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Once-a-Week Diabetes Medications Yield Similar Results, Study Finds

Update Date: Dec 08, 2015 10:41 AM EST

When it comes to once-a-week medication options for diabetes, there is no one clear winner in terms of effectiveness and safety, a new study concluded.

"The main message is that today several drugs are available for the control of hyperglycemia in type 2 diabetes, as never before," said Dr. Francesco Zaccardi, of the Diabetes Research Center at Leicester General Hospital in the United Kingdom. "Therefore, it is even more important to know differences and similarities among drugs."

For this study, the researchers analyzed existing evidence from 34 drug trials to compare five once-a-week drugs. Three of the drugs (Dulaglutide, sold as Trulicity, exenatide, sold as Byetta, and albiglutide, sold as Tanzeum) were already on the market and the two remaining (taspoglutide and semaglutide) were still in the development stages.

There were a total of 21,126 participants who took one of the five glucagon-like peptide-1 receptor agonists (GLP-1RAs) mentioned above. The American Diabetes Association and the European Association for the Study of Diabetes recommend GLP-1RAs to diabetics who did not benefit from taking metformin and/or making other lifestyle changes.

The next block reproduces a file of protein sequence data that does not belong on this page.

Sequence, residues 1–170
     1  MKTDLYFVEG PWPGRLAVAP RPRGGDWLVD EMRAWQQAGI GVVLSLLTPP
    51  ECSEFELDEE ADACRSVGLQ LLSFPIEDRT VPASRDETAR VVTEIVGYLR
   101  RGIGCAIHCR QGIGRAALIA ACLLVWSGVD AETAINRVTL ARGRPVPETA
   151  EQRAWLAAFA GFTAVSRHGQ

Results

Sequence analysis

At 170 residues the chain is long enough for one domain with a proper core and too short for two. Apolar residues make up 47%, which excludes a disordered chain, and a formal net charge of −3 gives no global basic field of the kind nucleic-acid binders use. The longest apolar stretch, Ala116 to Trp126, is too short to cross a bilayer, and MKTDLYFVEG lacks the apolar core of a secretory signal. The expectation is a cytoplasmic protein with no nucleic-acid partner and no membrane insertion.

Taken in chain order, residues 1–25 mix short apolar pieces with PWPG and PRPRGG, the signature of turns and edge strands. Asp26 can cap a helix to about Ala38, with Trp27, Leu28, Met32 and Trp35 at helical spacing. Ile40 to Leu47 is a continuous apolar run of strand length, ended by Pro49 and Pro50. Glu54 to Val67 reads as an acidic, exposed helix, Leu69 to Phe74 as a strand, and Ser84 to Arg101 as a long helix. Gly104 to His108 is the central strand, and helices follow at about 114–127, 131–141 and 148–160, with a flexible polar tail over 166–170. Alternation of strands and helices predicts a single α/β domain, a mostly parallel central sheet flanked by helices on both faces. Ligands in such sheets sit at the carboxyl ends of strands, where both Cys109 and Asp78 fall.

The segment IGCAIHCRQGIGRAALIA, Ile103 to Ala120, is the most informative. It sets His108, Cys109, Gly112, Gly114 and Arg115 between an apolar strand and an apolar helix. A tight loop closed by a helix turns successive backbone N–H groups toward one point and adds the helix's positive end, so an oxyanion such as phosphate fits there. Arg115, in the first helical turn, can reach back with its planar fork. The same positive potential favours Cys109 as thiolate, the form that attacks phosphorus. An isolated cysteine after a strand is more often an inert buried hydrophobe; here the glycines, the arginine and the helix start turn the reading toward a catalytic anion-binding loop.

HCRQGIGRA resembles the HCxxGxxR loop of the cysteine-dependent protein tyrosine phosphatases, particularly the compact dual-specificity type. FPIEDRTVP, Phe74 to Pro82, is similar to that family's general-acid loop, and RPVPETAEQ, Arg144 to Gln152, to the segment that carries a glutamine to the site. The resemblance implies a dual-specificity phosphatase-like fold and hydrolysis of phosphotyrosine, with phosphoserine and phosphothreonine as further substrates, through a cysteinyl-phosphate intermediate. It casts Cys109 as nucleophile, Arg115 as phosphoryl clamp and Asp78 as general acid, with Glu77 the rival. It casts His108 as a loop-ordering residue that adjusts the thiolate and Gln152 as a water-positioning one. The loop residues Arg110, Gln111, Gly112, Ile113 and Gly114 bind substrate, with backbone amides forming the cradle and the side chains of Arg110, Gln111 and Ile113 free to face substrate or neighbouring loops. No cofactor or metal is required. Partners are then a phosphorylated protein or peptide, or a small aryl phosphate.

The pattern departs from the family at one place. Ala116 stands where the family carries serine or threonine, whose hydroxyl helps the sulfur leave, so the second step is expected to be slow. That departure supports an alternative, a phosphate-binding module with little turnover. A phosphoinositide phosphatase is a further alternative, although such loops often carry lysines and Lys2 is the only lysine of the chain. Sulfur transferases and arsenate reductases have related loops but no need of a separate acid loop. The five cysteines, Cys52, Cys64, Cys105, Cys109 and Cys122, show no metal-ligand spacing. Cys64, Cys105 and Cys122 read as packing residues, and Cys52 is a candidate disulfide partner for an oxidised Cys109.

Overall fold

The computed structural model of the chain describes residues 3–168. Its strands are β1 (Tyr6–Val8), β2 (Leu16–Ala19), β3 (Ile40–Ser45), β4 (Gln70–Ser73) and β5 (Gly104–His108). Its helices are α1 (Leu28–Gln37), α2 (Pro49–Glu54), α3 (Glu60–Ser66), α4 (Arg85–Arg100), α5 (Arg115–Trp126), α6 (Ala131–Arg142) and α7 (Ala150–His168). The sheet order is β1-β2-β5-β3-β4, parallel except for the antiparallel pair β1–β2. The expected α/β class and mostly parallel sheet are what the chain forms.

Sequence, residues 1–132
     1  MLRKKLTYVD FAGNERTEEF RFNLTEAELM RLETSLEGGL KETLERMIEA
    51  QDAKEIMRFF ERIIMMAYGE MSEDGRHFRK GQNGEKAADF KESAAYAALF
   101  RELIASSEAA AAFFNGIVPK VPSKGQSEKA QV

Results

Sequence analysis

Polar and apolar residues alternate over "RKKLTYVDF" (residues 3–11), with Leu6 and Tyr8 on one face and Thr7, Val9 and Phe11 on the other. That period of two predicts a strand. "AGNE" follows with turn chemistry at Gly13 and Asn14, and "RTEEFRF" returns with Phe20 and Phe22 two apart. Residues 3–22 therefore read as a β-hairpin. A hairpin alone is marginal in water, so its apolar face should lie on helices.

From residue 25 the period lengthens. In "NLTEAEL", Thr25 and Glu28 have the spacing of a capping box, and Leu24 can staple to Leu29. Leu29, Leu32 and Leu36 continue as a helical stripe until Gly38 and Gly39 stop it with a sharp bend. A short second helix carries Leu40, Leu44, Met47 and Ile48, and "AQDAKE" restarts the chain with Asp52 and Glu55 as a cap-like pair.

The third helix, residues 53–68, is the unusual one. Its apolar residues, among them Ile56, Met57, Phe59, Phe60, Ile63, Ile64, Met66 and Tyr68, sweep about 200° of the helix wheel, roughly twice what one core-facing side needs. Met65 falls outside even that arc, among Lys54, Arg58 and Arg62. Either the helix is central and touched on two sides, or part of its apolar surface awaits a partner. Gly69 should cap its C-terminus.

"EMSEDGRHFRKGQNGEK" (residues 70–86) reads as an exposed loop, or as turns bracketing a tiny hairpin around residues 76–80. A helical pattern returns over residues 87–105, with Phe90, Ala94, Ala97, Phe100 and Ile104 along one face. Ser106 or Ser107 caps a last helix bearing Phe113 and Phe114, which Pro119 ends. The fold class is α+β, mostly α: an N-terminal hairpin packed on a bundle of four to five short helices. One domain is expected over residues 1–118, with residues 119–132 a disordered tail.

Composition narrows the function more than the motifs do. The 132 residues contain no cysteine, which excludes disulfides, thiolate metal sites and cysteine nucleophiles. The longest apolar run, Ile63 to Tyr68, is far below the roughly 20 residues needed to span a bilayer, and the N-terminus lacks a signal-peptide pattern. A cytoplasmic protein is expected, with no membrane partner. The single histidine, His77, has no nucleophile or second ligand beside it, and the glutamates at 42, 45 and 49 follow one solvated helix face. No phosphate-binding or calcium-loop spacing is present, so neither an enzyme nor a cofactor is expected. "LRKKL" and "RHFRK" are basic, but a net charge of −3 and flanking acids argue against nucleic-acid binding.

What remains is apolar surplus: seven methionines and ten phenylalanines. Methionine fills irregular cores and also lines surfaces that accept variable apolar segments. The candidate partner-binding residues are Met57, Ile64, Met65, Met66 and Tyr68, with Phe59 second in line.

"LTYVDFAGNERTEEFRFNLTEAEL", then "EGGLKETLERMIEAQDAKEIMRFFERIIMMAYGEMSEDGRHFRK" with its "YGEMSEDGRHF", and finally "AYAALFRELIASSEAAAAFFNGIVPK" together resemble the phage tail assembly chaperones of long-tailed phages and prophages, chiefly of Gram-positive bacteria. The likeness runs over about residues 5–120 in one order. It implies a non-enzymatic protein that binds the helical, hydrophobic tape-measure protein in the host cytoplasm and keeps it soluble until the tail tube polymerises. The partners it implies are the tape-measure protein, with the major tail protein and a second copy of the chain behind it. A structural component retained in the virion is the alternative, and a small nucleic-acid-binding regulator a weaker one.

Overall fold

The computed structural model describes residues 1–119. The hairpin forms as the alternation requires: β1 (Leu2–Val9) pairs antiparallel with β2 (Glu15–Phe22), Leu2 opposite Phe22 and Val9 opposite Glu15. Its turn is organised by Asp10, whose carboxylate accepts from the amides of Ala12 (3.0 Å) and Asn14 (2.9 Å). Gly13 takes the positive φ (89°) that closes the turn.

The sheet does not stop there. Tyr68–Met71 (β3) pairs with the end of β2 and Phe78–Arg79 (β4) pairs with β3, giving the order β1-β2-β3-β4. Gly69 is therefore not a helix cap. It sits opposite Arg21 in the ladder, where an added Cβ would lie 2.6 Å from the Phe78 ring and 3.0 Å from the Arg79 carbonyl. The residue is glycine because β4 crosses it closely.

The team found that all five drugs yielded similar results when it came to lowering blood sugar levels and risks factors for cardiovascular disease, which included cholesterol, blood pressure and inflammation. The researchers noted that the risk of hypoglycemia, which occurs when blood sugar drops to a dangerously low level, was about the same for all five GLP-1RAs.

The team did find some small differences between the drugs. Dulaglutide, exenatide and taspoglutide led to greater weight loss and a lower HbA1c, which is the measurement of the average blood sugar levels over the time span of three months.

"The weight loss is instructive because a lot of people hear stories of people losing a lot of weight, but the mean weight loss is modest," Dr. Sethu Reddy, chief of the Adult Diabetes Section at the Joslin Diabetes Center in Boston explained, reported by FOX News.

In terms of health risks and side effects, people taking taspoglutide were the most likely to experience nausea. People taking exenatide were more likely to have increased heart rate when compared to albiglutide and dulaglutide The researchers believe that more studies comparing these drugs could benefit diabetic patients in deciding which drug to take.

The study was published in the Annals of Internal Medicine.

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